IBM's Integration Acquisitions: More on the Way?

Loraine Lawson

This is certainly shaping up to be an interesting year for IBM, with its acquisitions of Cast Iron Systems in early May and last week's acquisition of Sterling Commerce-and it looks like it's not over yet. IBM recently confirmed it intends to spend nearly $20 billion for takeovers during the next five years.


That's no small number, obviously, but to give you some comparison, IBM has spent $14 billion on 70 acquisitions in the past eight years, as Network World reports.


Looks like Bob Evans, TechWeb's senior vice president and content director, was right when he predicted a tech spending spree. At least, he was right about IBM.


The Sterling acquisition cost IBM a nice $1.4 billion in cash, more than the $1.2 billion IBM spent on SPSS, an analytics company, last year. But then again, as Destination CRM points out, B2B integration software is a $5 billion market that's annually growing 10 percent.


Last month's acquisitions were both in the integration, with Cast Iron focused on data integration and cloud integration and Sterling is best known for providing business-to-business and EDI integration. Both companies will fall under the domain of IBM's WebSphere middleware division.


Both deals also received plenty of media attention, largely because they represent expansion into new terrains or directions-most notably, into the cloud. Cast Iron offers IBM a SaaS business model, with three options for pursing SaaS data integration-an appliance, on-premise software and integration-as-a-service.


Sterling offers IBM a bit more than integration technology. As IT Business Edge's Ann All points out, it also could boost IBM's position in the supply chain management market and bring in new work for its service business. But Sterling also offers IBM a significant opportunity both on-premise and in the cloud, according to an analysis, titled, appropriately enough, "Why you care about IBM's acquisition of Sterling Commerce":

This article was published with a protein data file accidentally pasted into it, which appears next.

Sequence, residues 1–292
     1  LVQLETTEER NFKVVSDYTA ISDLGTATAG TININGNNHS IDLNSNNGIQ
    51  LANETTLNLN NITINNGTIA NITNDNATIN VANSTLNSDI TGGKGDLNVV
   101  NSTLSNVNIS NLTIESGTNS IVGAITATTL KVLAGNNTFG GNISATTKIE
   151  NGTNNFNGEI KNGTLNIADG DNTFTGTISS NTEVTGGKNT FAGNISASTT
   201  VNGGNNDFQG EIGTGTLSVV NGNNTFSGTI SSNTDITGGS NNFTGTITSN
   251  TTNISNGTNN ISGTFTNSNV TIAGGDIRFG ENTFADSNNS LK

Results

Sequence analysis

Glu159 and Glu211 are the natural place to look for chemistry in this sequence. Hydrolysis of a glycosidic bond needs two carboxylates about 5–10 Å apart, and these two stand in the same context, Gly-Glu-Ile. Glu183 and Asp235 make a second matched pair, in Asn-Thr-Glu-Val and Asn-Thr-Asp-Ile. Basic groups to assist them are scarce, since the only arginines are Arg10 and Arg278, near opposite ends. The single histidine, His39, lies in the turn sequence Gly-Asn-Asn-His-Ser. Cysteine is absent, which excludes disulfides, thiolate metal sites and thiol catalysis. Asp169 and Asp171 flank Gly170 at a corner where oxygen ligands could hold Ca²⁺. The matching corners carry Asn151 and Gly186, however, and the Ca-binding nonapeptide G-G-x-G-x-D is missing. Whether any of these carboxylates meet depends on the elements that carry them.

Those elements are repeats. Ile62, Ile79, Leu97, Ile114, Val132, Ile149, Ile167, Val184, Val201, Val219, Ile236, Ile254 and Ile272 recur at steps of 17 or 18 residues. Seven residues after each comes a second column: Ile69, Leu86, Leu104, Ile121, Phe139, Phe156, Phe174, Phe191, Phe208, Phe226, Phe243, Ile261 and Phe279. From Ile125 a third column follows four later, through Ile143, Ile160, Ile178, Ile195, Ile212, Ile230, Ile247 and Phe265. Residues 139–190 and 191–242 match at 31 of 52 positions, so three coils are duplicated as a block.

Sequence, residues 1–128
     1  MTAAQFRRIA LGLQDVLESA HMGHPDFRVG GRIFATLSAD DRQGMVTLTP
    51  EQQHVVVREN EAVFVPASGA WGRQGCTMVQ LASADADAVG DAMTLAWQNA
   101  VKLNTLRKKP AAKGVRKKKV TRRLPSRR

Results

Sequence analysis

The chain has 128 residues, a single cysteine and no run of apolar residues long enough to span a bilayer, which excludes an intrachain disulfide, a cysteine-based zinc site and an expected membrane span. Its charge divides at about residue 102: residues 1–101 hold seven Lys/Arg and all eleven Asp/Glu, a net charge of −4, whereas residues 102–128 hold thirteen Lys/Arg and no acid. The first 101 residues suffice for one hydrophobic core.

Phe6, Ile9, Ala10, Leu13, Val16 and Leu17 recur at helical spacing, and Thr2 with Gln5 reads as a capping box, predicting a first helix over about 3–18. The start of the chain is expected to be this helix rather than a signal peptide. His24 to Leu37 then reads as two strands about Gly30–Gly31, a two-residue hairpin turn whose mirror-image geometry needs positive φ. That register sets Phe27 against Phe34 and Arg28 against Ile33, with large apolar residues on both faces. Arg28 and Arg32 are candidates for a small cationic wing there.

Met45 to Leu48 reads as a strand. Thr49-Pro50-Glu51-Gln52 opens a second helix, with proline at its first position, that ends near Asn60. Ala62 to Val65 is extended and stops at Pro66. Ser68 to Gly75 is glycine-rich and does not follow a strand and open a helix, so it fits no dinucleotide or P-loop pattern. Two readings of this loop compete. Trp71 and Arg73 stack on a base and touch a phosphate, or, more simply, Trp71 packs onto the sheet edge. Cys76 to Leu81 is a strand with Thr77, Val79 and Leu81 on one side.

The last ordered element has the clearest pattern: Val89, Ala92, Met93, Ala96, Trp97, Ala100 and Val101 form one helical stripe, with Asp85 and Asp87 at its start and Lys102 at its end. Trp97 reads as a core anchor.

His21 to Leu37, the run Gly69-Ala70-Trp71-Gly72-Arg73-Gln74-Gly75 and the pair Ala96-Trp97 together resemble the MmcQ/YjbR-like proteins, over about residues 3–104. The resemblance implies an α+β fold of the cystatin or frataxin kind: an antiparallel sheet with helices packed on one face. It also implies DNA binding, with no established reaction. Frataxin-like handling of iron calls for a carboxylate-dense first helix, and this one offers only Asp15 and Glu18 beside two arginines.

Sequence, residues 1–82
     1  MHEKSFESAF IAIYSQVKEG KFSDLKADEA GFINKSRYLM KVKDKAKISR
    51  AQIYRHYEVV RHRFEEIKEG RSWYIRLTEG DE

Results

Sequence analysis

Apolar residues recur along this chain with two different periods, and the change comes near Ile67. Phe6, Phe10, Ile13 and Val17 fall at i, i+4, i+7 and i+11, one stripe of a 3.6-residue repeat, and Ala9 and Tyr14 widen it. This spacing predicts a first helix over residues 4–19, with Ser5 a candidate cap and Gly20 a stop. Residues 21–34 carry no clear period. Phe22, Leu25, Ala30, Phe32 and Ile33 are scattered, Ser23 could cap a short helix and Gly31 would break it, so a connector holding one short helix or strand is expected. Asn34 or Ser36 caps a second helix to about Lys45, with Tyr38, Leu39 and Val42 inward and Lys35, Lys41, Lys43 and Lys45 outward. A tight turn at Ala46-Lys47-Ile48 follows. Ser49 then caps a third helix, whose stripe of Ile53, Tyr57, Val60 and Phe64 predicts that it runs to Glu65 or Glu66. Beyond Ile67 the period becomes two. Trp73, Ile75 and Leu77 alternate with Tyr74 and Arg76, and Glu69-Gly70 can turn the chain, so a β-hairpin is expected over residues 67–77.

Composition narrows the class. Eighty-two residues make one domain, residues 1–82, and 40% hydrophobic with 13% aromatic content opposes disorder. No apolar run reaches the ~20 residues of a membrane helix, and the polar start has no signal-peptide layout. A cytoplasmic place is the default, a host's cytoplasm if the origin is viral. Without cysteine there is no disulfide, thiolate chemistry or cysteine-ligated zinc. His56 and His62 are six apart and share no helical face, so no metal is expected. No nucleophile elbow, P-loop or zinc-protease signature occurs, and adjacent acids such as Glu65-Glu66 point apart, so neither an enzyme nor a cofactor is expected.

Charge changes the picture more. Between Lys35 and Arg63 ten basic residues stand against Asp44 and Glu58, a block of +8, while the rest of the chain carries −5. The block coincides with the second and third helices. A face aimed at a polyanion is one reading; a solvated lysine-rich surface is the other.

The acquisition should boost IBM's ability to create intelligent and dynamic business-to-business networks by simplifying and automating the way its clients connect and communicate both on-premise or through cloud computing. ... By acquiring Sterling Commerce technology and its large trading partner network, IBM is aiming for new cross-channel selling opportunities. This could also result in novel services and new products, because Sterling's technology plays well with IBM's industry-focused software, adding capabilities to IBM's legacy framework.

Earlier this year, IBM acquired MDM player Initiate, although the official word is that deal was more about the health care and government verticals than the underlying technology.


Only IBM's acquisition of Intelliden, which sells intelligent network automation software, is outside of data integration.


My point is: It's not completely crazy to speculate that IBM might expand further into integration space.


Reviews of the Sterling/IBM deal and Cast Iron acquisition have been largely positive, although Gartner Research Vice President Benoit Lheureux did question whether Sterling in particular might create too much overlap in IBM's already burgeoning integration middleware portfolio. Certainly, you can see why the senior vice president of strategy and marketing at Cast Iron, Simon Peel, referred to IBM as the "quintessential integration company."


I'm curious as to see which direction IBM will take all of this. Oracle is clearly interested in being the "one stack to rule them all." Is this what IBM plans, too? Or is IBM more focused on providing services and integration? Perhaps it's a third option - offering complete, integrated stacks, but in vertical markets?


GigaOm's Derrick Harris seems to think most of the big vendors, IBM included, want to offer integrated stacks, a strategy he seems to doubt will take hold with customers: doesn't look like customers are buying into the promise of having just one throat to choke. ... Vendors with multiple components will continue to push them as packages, but buying trends show customers buying what they want from whom they want, and they have more choices than ever.

(You can read a good portion of Harris' comments, although the full post is through a free trial or to subscribers.)

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